Calcium supplements, taken with or without vitamin D, may increase the risk of small growths in the bowel called polyps, a new trial of more than 2,000 people shows.
“This study examines the risk of a really interesting class of colon polyps called serrated polyps,” says lead author Seth D. Crockett, assistant professor of gastroenterology and hepatology in the University of North Carolina School of Medicine.
“Specifically, we were interested in ‘sessile serrated polyps’, which have only recently been recognized as important colon cancer precursors that give rise to 20-30 percent of sporadic colon cancer cases.”
“For some patients… data from this study could alter the balance of risks and benefits of calcium supplementation.”
“Sessile serrated polyps are an important target of colon cancer screening,” Crockett says, “but are more difficult to detect on colonoscopy compared to adenomatous polyps because of their flat shape and subtle appearance.”
“The findings from this study were somewhat unexpected,” he says. “There is some evidence from epidemiologic studies that people who have calcium rich diets are at lower risk of colon polyps, including serrated polyps. So it stands to reason that calcium supplementation might have beneficial effects in terms of preventing colon cancer or polyps.”
Some earlier studies have shown calcium can help prevent adenomatous polyps. But the news study showed evidence that calcium supplementation (with or without vitamin D supplementation) appeared to be associated with an increased risk of precancerous serrated polyps.
“It’s important to put these findings in perspective and to not cause alarm,” Crockett says. “Calcium and vitamin D supplementation are taken by lots of people, and do have some beneficial effects on bone health. Many people take low doses of calcium in multivitamins (lower than what was used in our study) that are unlikely to be harmful. This possible association does not necessarily negate the other benefits of these supplements.
“But for some patients, including those with a history of serrated polyps and/or smoking, data from this study could alter the balance of risks and benefits of calcium supplementation.”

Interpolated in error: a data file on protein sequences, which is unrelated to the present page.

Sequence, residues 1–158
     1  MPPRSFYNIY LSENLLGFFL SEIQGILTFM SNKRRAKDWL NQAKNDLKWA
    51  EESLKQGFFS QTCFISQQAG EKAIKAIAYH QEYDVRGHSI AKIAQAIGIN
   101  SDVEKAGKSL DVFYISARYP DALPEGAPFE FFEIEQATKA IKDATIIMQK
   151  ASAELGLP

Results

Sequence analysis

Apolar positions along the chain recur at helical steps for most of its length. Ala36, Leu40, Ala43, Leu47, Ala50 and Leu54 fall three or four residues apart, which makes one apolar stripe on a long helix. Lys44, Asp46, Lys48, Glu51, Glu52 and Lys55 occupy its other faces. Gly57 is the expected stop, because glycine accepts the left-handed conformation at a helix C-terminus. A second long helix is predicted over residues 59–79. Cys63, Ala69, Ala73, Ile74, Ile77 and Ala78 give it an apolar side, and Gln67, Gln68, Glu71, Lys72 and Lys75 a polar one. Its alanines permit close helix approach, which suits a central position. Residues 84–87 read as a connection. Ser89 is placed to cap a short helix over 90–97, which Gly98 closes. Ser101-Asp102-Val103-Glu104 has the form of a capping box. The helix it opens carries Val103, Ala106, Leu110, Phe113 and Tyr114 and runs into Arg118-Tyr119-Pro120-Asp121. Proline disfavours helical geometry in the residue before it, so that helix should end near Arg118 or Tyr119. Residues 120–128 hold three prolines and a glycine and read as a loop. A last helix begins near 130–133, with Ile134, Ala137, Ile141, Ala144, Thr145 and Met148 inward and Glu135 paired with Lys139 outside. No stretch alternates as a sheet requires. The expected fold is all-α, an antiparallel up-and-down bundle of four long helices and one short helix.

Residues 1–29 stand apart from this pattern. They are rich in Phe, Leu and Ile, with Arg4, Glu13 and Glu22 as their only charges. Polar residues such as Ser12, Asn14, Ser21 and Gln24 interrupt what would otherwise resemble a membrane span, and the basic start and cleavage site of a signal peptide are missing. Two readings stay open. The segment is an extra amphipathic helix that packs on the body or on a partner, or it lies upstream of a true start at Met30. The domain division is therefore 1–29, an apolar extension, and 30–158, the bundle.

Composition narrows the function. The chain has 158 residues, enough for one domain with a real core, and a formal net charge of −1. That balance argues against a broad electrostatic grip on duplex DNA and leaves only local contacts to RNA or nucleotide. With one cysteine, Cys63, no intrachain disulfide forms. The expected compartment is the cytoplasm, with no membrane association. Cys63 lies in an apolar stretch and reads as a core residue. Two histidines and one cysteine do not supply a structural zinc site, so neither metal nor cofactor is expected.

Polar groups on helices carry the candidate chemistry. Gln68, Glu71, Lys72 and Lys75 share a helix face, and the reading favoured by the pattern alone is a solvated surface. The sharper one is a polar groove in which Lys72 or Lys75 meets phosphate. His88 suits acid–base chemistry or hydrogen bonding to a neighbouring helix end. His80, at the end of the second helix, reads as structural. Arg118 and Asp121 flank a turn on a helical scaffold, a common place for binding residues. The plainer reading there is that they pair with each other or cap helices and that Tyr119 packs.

Polyps are small growths in the lower part of the large bowel (colon). They are non-cancerous, but some could eventually turn into cancer if they are not removed.
Polyps come in different shapes and sizes, with serrated polyps more likely to turn into cancer than conventional polyps. Some studies have suggested that calcium and vitamin D may protect against serrated polyps, but results have been mixed.
So to investigate further, researchers set out to determine whether taking daily calcium and vitamin D supplements reduce the risk of serrated polyps.
They analyzed findings from a large US trial involving over 2,000 patients aged between 45 and 75 who had had at least one serrated polyp detected and removed—and were due to have a follow-up colonoscopy in three to five years.
Researchers excluded patients if they had a family history of bowel cancer, inflammatory bowel disease, or other serious health conditions—and researchers took several factors into account at the start of the study, including sex, diet, body mass index (BMI), and use of anti-inflammatory drugs.
Researchers randomly split the remaining patients into groups to receive either daily calcium supplements, daily vitamin D supplements, both, or neither for three or five years (treatment phase) until their colonoscopsy. Researchers also recorded the effects three to five years after treatment ended (observational phase).
During the treatment phase, neither calcium nor vitamin D had any effect on cases of serrated polyps. However, during the later observational phase (six to 10 years after treatment began), the researchers found increased risks of serrated polyps among patients taking calcium alone and among those taking a combination of calcium and vitamin D.
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There was evidence that women and smokers were at higher risk when exposed to calcium supplements, but researchers found no association between vitamin D alone and the risk of serrated polyps. The results also suggest an association with calcium supplements only, not dietary calcium.
The researchers recommend further studies to confirm these results, but if calcium and its combination with vitamin D are truly associated with an increased risk of serrated polyps, “this has important public health implications,” they say.
In the meantime, the researchers suggest that patients with a history of pre-cancerous serrated polyps, especially women and smokers, may wish to avoid vitamin D and calcium supplementation.
The results appear in the journal Gut.
Source: UNC-Chapel Hill